I welcomed a family of 4 for sushi class.  Yes, cooking sushi is popular than cooking ramen in this season since it’s been very warm in Japan!?

The temperatures in Tokyo these days are almost 30’s Centigrade and almost 70 %  of humidity. If you walk outside, you may sweat even though  just staying still or walking slowly.

Anyway, I’m always good relieve when I see  the customer shows up at the meeting point for cooking class. Everybody looks great, and exciting for the class, that is I expect for people. I am always exciting to meet new people who love cooking, too!

I sincerely enjoy sharing  cooking with people who like Japan, Japanese culture and Japanese food.

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When the time for rolling sushi, I become very serious to teach how to roll it. It is necessary to use both palms and fingers fits on the mat to make round shape of the roll.

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Yes! everyone did a great job!

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Every family member liked sushi rolls!  Hope you will make sushi roll again in your country.

 

Many thanks

Kisshy

 

 

 

Big lunch again with Mum & daughter from Singapore / June 2017

Sometimes I receive a very specific request on menus to cook at classes.

For this class in May, my guest, who turns out be a super woman (business executive & mother of 2 kids) from Singapore, asked me if we can try Oyako-don, Gyoza, Chicken teriyaki, Miso dengaku with eggplant and Japanese style potato salad.

That is a lot for one meal and the combination is not exactly what we normally do, but I understand it is a good chance to try different dishes for a visitor when time is limited. Obviously the lady has tried many Japanese dishes already so I was interested to hear her opinions on our food, too.

She visited me with her lovely young daughter who was a great help in the kitchen! She can slice and cut and stir with no problem.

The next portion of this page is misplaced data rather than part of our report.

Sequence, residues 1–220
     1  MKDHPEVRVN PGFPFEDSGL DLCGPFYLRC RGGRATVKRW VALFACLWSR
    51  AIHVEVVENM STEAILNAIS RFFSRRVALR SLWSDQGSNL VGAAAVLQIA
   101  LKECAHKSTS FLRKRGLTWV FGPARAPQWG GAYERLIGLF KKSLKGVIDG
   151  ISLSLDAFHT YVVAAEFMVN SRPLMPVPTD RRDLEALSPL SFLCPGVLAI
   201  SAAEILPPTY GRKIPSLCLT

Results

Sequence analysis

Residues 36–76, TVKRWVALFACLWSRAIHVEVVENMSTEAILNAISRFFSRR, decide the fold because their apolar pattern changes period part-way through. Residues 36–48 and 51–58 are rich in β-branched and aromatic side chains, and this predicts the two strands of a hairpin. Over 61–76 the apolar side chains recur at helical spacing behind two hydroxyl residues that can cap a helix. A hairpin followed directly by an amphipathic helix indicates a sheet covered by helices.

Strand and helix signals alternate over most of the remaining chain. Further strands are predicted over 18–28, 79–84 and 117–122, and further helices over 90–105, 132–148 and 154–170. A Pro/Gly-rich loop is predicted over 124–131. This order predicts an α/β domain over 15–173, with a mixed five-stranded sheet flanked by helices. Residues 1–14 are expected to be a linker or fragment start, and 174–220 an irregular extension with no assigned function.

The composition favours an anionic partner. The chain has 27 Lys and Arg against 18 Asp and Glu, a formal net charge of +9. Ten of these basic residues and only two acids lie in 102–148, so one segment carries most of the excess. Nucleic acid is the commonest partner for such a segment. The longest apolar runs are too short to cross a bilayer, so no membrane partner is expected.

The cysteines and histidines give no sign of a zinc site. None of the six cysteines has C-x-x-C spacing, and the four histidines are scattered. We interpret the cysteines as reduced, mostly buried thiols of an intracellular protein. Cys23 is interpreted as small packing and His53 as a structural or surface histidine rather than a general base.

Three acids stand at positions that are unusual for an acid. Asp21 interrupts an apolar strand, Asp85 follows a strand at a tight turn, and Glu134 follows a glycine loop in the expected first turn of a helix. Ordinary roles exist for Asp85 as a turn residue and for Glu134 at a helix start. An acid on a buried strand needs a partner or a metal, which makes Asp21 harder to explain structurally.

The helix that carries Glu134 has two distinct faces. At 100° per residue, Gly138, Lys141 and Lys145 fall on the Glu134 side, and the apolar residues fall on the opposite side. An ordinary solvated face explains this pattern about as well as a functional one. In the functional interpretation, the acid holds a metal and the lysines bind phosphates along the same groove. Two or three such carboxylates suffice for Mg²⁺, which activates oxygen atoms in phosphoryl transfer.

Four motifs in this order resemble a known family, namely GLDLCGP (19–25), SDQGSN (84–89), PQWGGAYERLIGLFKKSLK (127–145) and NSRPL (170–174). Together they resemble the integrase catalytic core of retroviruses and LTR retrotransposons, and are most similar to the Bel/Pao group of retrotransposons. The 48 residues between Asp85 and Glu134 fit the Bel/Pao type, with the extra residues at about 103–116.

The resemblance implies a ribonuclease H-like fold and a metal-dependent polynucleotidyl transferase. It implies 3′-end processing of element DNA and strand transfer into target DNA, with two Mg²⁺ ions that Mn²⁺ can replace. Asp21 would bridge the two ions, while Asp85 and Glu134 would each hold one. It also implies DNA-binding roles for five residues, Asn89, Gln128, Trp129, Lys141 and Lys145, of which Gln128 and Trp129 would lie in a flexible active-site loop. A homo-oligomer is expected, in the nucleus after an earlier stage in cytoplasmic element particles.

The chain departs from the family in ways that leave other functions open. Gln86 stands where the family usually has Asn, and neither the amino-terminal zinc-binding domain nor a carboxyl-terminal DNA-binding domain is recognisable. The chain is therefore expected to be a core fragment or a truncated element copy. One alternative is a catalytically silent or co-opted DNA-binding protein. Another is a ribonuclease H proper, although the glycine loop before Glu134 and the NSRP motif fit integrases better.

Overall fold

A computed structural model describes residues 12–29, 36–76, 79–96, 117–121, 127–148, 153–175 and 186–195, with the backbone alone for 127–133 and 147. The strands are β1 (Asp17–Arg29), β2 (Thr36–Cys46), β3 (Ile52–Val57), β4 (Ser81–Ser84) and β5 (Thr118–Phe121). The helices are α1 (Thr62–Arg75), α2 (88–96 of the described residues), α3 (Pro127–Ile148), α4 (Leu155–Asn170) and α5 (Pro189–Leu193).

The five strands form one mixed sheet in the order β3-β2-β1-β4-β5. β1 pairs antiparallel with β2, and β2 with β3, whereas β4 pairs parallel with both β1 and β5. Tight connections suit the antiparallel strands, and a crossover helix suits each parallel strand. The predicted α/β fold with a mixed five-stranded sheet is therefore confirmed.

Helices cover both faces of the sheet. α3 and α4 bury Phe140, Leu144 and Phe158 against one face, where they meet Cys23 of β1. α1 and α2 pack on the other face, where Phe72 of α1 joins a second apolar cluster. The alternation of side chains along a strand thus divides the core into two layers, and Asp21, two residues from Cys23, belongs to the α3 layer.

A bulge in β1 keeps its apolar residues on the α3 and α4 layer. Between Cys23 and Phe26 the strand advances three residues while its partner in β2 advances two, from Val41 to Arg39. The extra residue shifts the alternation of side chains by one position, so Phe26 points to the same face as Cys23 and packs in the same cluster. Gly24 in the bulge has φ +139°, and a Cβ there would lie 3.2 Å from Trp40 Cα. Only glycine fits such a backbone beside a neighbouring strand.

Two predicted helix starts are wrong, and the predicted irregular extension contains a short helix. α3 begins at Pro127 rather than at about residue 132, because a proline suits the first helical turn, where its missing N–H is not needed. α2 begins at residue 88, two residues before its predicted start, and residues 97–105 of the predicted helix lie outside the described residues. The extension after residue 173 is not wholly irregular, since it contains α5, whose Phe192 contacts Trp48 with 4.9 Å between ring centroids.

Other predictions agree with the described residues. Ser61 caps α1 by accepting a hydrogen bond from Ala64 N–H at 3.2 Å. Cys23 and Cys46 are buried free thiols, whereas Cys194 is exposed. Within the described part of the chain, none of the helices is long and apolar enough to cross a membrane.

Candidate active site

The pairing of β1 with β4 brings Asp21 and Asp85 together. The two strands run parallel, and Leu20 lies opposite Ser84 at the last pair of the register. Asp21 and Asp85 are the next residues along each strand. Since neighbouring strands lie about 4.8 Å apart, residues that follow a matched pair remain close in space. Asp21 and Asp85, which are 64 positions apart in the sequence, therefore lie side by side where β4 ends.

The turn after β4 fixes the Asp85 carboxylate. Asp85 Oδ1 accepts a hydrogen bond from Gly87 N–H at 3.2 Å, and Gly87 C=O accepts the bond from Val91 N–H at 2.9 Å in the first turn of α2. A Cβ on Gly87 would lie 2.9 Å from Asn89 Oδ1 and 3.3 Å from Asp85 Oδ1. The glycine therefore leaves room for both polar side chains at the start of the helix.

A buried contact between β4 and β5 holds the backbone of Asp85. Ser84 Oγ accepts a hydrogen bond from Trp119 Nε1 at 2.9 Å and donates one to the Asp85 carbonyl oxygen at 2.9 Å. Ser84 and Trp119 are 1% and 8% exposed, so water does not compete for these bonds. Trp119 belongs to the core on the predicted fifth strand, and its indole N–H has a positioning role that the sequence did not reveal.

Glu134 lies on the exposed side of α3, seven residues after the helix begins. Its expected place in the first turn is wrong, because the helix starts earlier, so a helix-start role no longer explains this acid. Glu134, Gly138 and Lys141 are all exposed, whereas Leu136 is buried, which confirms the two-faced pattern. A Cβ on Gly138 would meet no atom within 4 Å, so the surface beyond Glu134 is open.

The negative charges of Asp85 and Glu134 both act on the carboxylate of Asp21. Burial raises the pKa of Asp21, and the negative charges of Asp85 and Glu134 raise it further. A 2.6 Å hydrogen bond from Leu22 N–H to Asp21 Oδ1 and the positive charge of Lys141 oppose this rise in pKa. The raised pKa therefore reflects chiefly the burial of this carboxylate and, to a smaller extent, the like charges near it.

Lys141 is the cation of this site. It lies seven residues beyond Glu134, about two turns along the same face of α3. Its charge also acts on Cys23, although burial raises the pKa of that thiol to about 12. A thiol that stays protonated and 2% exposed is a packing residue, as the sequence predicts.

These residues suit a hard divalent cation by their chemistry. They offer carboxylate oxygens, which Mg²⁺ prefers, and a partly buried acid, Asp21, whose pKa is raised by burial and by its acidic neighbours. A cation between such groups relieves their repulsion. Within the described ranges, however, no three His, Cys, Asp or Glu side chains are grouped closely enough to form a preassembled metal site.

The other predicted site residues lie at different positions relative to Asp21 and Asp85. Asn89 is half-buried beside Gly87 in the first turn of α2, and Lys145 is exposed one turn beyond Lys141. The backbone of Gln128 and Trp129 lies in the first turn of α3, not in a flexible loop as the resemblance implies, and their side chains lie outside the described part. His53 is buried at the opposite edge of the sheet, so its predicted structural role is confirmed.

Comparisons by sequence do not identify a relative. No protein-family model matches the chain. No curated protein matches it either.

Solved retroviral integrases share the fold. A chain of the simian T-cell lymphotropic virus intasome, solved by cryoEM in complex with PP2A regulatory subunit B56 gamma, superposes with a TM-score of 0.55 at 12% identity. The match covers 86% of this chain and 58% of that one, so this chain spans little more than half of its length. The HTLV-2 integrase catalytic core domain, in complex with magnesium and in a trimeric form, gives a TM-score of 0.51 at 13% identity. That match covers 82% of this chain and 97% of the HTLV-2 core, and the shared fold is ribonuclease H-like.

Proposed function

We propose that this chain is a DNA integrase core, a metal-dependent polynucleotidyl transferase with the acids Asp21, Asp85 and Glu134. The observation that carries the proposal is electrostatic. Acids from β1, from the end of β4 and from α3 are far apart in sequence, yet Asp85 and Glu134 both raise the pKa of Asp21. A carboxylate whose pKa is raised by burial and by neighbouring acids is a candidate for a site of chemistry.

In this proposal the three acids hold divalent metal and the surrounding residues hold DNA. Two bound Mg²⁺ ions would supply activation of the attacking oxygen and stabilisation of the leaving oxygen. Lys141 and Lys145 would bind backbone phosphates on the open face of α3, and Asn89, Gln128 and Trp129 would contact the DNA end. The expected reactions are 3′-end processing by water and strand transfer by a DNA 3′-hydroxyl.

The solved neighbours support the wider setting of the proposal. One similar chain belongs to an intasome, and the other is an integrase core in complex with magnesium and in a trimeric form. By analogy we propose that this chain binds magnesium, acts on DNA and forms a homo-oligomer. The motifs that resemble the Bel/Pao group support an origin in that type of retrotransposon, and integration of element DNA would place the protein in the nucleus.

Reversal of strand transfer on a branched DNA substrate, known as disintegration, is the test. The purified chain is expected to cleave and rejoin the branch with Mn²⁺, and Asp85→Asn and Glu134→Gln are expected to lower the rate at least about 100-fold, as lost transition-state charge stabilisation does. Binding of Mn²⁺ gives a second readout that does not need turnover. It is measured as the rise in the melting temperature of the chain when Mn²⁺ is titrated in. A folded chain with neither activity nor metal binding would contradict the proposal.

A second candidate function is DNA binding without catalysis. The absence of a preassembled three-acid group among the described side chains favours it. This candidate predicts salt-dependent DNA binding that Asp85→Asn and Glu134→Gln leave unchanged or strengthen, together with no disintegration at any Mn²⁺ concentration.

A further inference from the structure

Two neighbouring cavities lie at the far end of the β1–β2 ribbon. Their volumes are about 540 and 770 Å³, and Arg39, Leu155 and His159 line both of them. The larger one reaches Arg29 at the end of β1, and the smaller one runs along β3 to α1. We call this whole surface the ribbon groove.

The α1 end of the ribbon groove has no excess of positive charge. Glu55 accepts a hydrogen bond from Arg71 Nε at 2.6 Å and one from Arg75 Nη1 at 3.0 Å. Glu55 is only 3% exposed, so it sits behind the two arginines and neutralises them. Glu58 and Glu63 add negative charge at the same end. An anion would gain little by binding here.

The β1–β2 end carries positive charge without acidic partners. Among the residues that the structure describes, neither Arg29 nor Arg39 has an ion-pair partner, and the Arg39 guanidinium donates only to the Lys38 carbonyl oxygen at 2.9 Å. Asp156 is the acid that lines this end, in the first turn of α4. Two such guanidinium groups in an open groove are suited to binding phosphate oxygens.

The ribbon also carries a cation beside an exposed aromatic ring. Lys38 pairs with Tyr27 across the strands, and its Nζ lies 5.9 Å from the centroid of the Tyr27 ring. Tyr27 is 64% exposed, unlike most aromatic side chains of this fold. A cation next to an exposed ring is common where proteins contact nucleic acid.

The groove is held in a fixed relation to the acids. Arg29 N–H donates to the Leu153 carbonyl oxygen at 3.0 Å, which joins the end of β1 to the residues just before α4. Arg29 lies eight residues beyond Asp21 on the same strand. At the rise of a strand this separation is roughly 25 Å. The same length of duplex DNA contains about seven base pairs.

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Among the menus my guest chose, I was curious to ask why she picked up a potato salad, as is a rather western menu to me.  She was after a Japanese style potato salad in particular, which her family tried before and became her son’s favorite.

What I think ‘very Japanese’ and what my guests like to learn at Japanese home cooking class may not be always the same. It is very interesting to discover what people are attracted in our food culture.

Many thanks for coming!

Akiko

 

 

Potato cooking, German ways and Japanese ways / April 17th.

I have received a request for Teriyaki chicken again and this time from a German couple visiting Tokyo. As one of the side dishes I chose a Potato Mochi, as it is also finished with Teriyaki sauce so I figured out my guest may also like it. This is a local specialty from Hokkaido, the northern island of Japan known for its good potato harvest. 

At the cooking class, Potato Mochi recipe turns out to be very German by the way. Of course Germans are professional to cook potatoes and my guest showed me how she finds out if your potatoes are boiled enough or not ready yet.  

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First you hold your knife upside down, pointing to potatoes in the pot, then simply loosen your grip a bit and see if the knife cut into your potatoes or not!  I used to poke into my potatoes with chopsticks and make many holes but not any more! 

After adding some starch and making putties with boiled & mashed potatoes, my guest told me that Germans would boil them but we grill them on frying pan, then we finish up with sweet & savory teriyaki sauce.